SAGE Journal Articles

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LO 10-1

Effectiveness of Restorative Justice

Abstract: This article presents an analysis of restorative justice practice in the Republic of Ireland. This is achieved through an examination of data on restorative justice conferencing events in various venues around Ireland. From these data, the authors analyze these restorative events through an examination of the “functionalist exchange,” which occurs during the interaction between participants in such events. The extent of functionalist exchange is measured through an application of the meta-analysis first utilized in relation to restorative justice practice by Jeff Latimer, Craig Dowden, and Danielle Muise. The study assesses the extent to which functionalist roles become significant in restorative conference outcomes. The article argues that to be truly restorative, events must incorporate the extent to which remorse and subsequent satisfaction is expressed. In addition, the theories of restorative justice are shown to require a further analysis from the practitioners’ perspective, which this article provides. By examining the concepts such as Tomkins’ affect theory and Nathanson’s compass of shame, along with the practitioner-based perspective of Morris and Maxwell, this research constructs a wider understanding of the significance of the functionalist roles of participants during restorative events.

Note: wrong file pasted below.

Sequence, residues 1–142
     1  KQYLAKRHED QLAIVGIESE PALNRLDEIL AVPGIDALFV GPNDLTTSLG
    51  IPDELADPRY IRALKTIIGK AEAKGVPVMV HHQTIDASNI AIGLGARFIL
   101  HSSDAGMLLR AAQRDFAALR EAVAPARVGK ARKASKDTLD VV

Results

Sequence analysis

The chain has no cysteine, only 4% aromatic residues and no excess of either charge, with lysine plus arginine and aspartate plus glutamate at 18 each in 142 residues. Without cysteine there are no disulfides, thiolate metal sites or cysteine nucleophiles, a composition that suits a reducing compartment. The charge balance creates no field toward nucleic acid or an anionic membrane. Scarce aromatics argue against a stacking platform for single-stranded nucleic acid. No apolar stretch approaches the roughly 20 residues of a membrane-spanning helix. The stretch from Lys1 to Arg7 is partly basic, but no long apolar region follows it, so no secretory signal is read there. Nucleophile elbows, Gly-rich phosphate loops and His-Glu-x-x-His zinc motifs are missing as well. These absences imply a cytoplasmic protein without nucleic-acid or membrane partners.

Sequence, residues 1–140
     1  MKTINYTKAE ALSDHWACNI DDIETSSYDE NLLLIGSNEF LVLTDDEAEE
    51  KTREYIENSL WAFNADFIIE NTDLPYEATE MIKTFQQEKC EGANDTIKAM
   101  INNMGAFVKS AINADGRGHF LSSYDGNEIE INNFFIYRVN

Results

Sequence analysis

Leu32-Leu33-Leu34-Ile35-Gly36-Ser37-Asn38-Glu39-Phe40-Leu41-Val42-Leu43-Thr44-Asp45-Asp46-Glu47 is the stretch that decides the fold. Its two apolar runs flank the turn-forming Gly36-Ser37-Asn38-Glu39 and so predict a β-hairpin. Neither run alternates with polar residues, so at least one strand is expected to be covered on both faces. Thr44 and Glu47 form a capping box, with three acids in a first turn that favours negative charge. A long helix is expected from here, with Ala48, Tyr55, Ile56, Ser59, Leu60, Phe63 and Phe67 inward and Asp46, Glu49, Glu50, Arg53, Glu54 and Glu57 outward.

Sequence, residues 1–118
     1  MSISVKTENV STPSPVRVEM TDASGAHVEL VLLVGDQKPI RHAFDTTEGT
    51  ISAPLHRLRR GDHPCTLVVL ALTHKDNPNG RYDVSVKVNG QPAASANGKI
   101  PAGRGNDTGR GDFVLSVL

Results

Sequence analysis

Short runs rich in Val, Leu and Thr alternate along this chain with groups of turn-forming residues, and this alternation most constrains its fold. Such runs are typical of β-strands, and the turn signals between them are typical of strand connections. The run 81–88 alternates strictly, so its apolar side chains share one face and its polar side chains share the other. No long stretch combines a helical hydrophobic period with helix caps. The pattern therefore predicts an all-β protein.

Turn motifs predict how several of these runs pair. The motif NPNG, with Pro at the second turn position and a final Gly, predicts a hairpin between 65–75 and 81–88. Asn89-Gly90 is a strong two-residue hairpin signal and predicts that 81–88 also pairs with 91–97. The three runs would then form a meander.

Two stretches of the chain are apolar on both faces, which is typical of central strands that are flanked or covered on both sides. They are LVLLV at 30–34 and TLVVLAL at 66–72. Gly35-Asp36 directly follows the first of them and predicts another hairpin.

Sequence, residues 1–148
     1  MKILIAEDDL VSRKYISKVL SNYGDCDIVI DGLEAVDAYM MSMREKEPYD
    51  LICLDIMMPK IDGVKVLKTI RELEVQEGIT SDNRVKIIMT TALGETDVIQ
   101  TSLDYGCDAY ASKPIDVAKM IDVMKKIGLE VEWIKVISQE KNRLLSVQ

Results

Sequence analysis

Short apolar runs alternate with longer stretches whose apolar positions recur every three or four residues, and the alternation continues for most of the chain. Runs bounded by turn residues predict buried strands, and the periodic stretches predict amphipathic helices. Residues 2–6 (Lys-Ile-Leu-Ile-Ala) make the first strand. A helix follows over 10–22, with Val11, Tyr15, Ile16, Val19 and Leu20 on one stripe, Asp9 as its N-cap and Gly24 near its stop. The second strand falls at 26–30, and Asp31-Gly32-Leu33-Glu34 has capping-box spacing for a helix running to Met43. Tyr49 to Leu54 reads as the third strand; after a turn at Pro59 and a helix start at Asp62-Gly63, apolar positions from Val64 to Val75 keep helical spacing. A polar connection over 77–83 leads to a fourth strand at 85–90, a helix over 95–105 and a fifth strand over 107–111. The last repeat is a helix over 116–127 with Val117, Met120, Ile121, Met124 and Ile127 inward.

LO 10-2


Abstract: Internationally, many youth justice systems aim to divert young people from court through informal mechanisms, such as police cautions and restorative conferences. Among other things, diversion avoids the potentially criminogenic effects of formal contact with the criminal justice system. However, in some instances, the sum of court appearances and diversionary procedures indicates an overall increase in the numbers of young people having contact (formal or informal) with the criminal justice system — a phenomenon known as net-widening. This article summarises previous debates about the risks of net-widening. It then presents results from analysis of over 50,000 police records pertaining to young people's contact with the Tasmanian criminal justice system between 1991 and 2002. Across that decade, court appearances markedly reduced, while a corresponding increase in diversions was recorded. There was no evidence of net-widening. However, there was a significant increase in detention orders. Implications for policy and future research are considered.